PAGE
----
A few years ago I wrote a book, Solve for the Customer,” after examining early online apps for self-service and commerce, and finding their processes woefully inadequate, precisely because there was little or no intelligence built into them. Customers were assumed to be able to use those systems because they were “intuitive,” which only meant that they were available on handheld devices, unfortunately.

Customers were so enraged by those systems that some of them took to the Internet to build blogs and sites castigating vendors. Those sites are still out there, and you can find them by searching a vendor’s name and adding the word “sucks.”

Many of those sites haven’t been maintained in years, though, and there’s no better proof for the efficacy of the revolution in commerce and marketing that is effectively and efficiently leveraging data than that.
end enn Salesforce Connects With Marketing

The opinions expressed in this article are those of the author and do not necessarily reflect the views of ECT News Network.


Denis%20Pombriant Salesforce Connects With Marketing
Denis Pombriant is a well-known CRM industry analyst, strategist, writer and speaker. His new book, You Can’t Buy Customer Loyalty, But You Can Earn It, is now available on Amazon. His 2015 book, Solve for the Customer, is also available there.
Email Denis.

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Why Pour Your Tax Savings Into Digital Transformation?

 Why Pour Your Tax Savings Into Digital Transformation?

Part 2 of a 2-part series. Read Part 1.

In my last blog, I discussed the ways in which corporations are responding to the increased after-tax cash flow resulting from the new tax law here in the United States. These responses run the gamut from dividend increases and share buybacks to one-time employee bonuses and debt paydown.

But have you considered long-term benefits? Digital transformation can be the right move, at least if your goal is to generate long-term value for your business.

But what, exactly, is digital transformation?

Think of digital transformation as business reinvention. The goal is to improve business performance and transform the way you serve your customers using emerging digital technologies – such as Big Data, analytics, cloud computing, Internet of Things (IoT), machine learning, blockchain, and more.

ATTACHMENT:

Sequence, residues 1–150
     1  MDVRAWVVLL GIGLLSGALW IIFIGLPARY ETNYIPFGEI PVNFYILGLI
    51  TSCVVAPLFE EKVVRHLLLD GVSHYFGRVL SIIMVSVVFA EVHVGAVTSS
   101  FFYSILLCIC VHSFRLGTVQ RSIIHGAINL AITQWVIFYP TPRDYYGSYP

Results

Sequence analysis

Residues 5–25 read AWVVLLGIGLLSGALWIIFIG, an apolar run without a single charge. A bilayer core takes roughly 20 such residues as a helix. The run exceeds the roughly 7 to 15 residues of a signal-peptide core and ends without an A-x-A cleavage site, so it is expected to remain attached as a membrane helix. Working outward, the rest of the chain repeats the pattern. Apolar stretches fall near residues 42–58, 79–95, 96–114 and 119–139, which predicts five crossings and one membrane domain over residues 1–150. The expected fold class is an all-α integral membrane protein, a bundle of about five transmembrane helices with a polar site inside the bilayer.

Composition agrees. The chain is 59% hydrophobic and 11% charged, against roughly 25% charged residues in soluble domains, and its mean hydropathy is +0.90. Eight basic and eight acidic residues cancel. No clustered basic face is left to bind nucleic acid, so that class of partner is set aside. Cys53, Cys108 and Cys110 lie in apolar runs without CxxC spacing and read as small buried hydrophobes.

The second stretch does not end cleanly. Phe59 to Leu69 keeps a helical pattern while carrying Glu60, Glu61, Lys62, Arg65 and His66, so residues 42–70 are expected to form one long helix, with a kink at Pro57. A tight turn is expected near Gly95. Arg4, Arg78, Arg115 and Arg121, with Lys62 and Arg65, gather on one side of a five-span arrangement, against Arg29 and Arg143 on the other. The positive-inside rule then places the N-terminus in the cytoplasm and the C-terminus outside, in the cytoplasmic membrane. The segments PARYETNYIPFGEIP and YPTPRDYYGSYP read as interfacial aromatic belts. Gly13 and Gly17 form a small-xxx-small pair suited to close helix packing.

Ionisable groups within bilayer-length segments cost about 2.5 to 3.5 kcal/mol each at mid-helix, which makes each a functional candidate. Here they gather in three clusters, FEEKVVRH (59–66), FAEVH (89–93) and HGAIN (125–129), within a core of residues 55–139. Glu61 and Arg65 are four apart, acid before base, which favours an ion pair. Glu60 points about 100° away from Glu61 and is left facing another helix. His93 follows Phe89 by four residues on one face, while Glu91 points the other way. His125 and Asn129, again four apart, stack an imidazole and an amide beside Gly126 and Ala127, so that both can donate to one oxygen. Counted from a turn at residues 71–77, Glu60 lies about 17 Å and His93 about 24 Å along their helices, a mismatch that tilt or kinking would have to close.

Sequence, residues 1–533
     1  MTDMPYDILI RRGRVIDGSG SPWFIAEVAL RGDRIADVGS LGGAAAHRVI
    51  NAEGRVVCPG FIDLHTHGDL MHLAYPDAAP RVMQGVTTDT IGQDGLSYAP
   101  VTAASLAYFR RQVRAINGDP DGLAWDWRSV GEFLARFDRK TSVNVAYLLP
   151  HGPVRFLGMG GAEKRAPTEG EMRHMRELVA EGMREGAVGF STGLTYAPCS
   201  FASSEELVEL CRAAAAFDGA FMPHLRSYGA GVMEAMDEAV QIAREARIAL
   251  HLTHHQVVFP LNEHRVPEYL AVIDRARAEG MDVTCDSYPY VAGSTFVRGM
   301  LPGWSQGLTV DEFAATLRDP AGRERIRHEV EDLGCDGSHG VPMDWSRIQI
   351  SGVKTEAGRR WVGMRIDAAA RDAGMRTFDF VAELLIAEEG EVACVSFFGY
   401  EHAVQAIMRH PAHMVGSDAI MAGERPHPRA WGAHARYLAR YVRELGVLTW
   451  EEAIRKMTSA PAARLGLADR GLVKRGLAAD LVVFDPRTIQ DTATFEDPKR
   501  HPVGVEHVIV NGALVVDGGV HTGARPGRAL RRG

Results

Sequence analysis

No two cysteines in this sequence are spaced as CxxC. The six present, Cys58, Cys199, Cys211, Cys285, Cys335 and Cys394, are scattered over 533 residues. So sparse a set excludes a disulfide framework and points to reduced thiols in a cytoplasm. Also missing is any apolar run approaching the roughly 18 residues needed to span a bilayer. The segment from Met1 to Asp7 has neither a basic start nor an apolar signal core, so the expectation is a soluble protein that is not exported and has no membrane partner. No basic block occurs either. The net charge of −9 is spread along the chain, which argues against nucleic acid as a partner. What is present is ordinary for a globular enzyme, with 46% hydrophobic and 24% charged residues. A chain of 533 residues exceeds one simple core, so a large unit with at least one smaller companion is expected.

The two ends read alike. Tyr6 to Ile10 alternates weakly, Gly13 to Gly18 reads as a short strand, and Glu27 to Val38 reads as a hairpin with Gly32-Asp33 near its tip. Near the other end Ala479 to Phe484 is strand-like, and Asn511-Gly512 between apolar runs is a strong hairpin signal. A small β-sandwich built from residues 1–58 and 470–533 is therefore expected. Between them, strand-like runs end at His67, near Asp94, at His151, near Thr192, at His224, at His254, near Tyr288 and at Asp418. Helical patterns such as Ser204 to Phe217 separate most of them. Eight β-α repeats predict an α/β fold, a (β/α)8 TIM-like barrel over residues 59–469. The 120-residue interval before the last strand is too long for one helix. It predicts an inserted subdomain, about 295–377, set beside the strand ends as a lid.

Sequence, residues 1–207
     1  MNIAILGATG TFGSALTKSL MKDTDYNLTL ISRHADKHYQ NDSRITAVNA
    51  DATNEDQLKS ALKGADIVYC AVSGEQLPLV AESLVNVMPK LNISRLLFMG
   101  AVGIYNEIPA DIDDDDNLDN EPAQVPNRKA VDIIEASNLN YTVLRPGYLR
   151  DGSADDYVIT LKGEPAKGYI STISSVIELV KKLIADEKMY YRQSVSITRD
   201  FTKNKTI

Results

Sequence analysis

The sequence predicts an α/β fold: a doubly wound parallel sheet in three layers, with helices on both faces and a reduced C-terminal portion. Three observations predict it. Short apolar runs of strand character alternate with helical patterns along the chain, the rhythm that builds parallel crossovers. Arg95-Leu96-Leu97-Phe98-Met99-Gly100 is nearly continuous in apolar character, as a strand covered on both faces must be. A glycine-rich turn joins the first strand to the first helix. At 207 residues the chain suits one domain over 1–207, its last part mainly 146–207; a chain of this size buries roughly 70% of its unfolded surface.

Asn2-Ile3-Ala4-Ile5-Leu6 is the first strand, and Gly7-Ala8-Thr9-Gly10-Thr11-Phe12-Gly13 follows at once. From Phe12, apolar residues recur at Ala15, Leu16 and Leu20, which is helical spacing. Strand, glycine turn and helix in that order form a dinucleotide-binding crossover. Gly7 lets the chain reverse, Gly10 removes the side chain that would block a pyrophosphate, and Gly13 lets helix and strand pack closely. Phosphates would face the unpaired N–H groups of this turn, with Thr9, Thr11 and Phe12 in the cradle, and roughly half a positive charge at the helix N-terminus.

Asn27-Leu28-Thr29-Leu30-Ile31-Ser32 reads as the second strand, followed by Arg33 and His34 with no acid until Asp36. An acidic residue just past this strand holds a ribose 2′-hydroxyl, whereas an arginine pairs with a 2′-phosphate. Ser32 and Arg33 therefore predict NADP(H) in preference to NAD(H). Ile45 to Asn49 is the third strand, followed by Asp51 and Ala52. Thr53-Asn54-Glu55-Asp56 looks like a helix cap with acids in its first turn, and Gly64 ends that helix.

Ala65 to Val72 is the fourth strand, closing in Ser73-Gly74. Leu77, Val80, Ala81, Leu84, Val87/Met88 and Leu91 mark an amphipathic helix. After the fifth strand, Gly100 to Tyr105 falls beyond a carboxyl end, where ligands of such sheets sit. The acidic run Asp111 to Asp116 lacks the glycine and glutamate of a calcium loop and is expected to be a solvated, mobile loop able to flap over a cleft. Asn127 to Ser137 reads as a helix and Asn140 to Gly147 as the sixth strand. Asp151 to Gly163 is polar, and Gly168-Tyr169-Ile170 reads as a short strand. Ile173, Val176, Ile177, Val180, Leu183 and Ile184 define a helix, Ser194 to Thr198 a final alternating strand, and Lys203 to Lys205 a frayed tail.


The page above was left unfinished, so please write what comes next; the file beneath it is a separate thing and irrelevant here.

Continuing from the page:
The crux of any digital transformation is data. But data has been around forever. What’s new in the digital economy is the ability to use data to connect everything – people, devices, and business networks – in real time. With powerful technologies and platforms to manage these connections, we can now develop new services, new products, and new business models that deliver better outcomes for customers.

A nondisruptive framework for disruption

But, as I asked in my last blog, how do you move forward? The problem that most companies face when it comes to change is how to keep the lights on while transforming. If your goal is to disrupt an industry or two with leading-edge innovation, how do you do it without disrupting your own company?

The first step, frankly, is to accept the fact that change is always a constant – as clichéd as it may sound. Make your peace with change. Expect it. Encourage it. No digital transformation effort is a one-and-done scenario. Rather, it’s an ongoing effort. In fact, the platforms we build as part of our transformation efforts are themselves designed to facilitate change. Change is built into the design. The best response is to embrace it.

The second step is to start thinking in terms of two-lane IT (also called “bimodal IT”), a nondisruptive framework for disruption. In one lane, you have core IT systems to support core operations. Sometimes this is referred to as your system of record, which is critical to maintain. Part of a digital transformation journey should focus on optimizing processes and operations regarding the system of record.